Nocturnal animals are animals that mostly hide and sleep during the day, then become active at sunset and during the night. One characteristic, which most nocturnal animals have, is that they have very well-developed sensory organs. The sensory organs of humans and animals are ears, eyes, nose, tongue and skin. These sensory organs help us in many ways. Imagine mum or dad has baked a cake. You’ll use all of your senses before you get to eat it:
But nocturnal animals in the wild rely on their senses even more because they are active when there is barely any light or no light at all. Their focus is finding food when they are awake during the night. When it’s getting dark or it’s pitch-black, it becomes very difficult to see. But with many nocturnal animals, their eyes work way better at night than ours - that’s why many of them have especially big eyes. But even that is not always good enough.
Luckily, their other senses help them, too. With a strong sense of smell they can easily track down creatures to eat. Some nocturnal animals are blind, and use their sense of smell to completely guide them. Others have fantastic hearing, listening intently to the approach of danger, like big animals that might want to gobble them up.
A good nose and ear is also necessary to hear and smell enemies like a predator lying on ambush or humans driving a car on the road that a nocturnal animal might just be planning to cross.
Lots of small mammals are nocturnal animals, like mice, hamsters and hedgehogs. You might hear mice or a hedgehog scuttling about after dark. Even though you might spot one in the daytime, foxes are nocturnal animals and are a lot more active when we’re all asleep. But because of lots of street lights, and loads of tempting leftovers in our bins, they have been known to roam a lot more during the day.
In some regions you can see the silhouettes of bats flying around, on the hunt for mosquitoes. And you might just spot a glowworm or firefly! When they come out it’s like a beautiful tiny light show!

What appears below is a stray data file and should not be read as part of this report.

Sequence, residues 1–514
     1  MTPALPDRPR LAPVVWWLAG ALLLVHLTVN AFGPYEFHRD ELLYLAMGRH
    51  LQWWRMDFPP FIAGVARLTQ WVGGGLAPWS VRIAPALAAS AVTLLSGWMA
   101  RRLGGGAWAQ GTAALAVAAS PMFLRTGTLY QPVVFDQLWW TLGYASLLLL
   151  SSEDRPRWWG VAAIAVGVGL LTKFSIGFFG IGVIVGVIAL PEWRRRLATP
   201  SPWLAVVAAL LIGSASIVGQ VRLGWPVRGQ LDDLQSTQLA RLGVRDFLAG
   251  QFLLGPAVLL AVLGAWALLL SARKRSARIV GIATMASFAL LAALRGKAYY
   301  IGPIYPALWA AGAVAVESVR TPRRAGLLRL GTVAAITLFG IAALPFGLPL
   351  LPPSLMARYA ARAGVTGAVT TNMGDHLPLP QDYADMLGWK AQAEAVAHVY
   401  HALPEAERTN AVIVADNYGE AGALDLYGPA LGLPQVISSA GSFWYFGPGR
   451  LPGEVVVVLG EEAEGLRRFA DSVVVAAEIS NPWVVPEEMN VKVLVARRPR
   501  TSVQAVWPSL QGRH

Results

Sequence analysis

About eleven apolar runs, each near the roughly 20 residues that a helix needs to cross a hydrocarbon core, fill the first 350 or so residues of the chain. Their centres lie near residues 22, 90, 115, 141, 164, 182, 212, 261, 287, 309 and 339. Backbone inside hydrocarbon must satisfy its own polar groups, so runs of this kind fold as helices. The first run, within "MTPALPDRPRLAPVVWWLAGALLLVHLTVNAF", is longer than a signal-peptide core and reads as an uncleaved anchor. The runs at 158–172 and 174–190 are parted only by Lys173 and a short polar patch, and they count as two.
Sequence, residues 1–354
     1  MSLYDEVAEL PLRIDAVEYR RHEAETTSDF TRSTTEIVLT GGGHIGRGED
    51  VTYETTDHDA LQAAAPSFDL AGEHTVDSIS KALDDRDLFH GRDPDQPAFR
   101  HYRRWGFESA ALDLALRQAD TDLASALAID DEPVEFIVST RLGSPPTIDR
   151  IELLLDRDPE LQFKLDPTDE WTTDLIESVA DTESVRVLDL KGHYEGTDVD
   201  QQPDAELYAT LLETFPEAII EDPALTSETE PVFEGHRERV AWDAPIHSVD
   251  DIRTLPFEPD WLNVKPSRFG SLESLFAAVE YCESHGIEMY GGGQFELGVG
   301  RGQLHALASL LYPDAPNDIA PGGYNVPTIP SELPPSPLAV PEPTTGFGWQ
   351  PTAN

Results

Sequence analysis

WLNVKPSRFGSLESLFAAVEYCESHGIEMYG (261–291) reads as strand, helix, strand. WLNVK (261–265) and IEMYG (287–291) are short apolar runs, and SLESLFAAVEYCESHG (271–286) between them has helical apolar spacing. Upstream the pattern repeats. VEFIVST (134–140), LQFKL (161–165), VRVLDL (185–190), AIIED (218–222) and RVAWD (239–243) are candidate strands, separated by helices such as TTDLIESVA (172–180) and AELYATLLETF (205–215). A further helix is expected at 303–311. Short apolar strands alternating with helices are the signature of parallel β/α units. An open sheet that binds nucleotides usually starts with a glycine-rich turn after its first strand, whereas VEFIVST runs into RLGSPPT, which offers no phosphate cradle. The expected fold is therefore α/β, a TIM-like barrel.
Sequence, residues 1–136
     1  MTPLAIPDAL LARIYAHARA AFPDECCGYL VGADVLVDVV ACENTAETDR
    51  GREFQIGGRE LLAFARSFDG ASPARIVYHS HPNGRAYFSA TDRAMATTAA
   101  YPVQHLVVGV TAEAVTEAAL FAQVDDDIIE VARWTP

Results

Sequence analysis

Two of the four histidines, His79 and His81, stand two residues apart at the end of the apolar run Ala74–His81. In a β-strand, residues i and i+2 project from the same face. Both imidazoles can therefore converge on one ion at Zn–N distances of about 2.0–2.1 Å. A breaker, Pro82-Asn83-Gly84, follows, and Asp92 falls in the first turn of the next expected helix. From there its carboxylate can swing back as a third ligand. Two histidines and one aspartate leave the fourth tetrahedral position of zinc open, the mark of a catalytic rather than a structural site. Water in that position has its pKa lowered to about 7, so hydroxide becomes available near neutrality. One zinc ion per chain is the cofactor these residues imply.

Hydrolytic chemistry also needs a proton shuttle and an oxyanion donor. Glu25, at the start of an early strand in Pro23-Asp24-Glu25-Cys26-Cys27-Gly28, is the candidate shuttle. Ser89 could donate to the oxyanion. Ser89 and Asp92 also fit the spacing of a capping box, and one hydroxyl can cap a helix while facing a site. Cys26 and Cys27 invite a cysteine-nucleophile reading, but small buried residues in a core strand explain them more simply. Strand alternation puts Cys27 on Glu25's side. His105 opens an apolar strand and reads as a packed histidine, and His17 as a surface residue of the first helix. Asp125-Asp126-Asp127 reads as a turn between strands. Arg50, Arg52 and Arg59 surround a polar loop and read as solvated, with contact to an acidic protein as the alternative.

Did you know that cats are nocturnal animals as well? You might have noticed that they nap a lot during the day. They have very special eyes that reflect any tiny bit of light they catch, which makes them glow strongly in the dark, warning potential predators of their presence. Their whiskers help them feel for obstacles as they creep through the night.
Scientists believe that hundreds and hundreds of years ago, the ancestors of nocturnal animals sought shelter from predators in the dark, and therefore started to spend their days sleeping somewhere hidden and safe, then would come out to look for food at night time.
If nocturnal animals changed their behaviour at some point in the past from being active during the day to being active during the night, we are wondering if mice became active at night first and cats followed because cats favourite dish is mice? What do you think?
We have created some nocturnal colouring sheets in PDFs for you to print out and let your children get creative when colouring in. You can repeat with your child what they have learned - e.g discuss the well-developed senses when colouring in different part of the body. How big are their eyes, ears and noses? Do you think that tells us how they might use their senses?
The colouring-ins are also easy to cut out and you can transform the bedroom into a cave of wild nocturnal animals and set up an exciting night-time scene role play.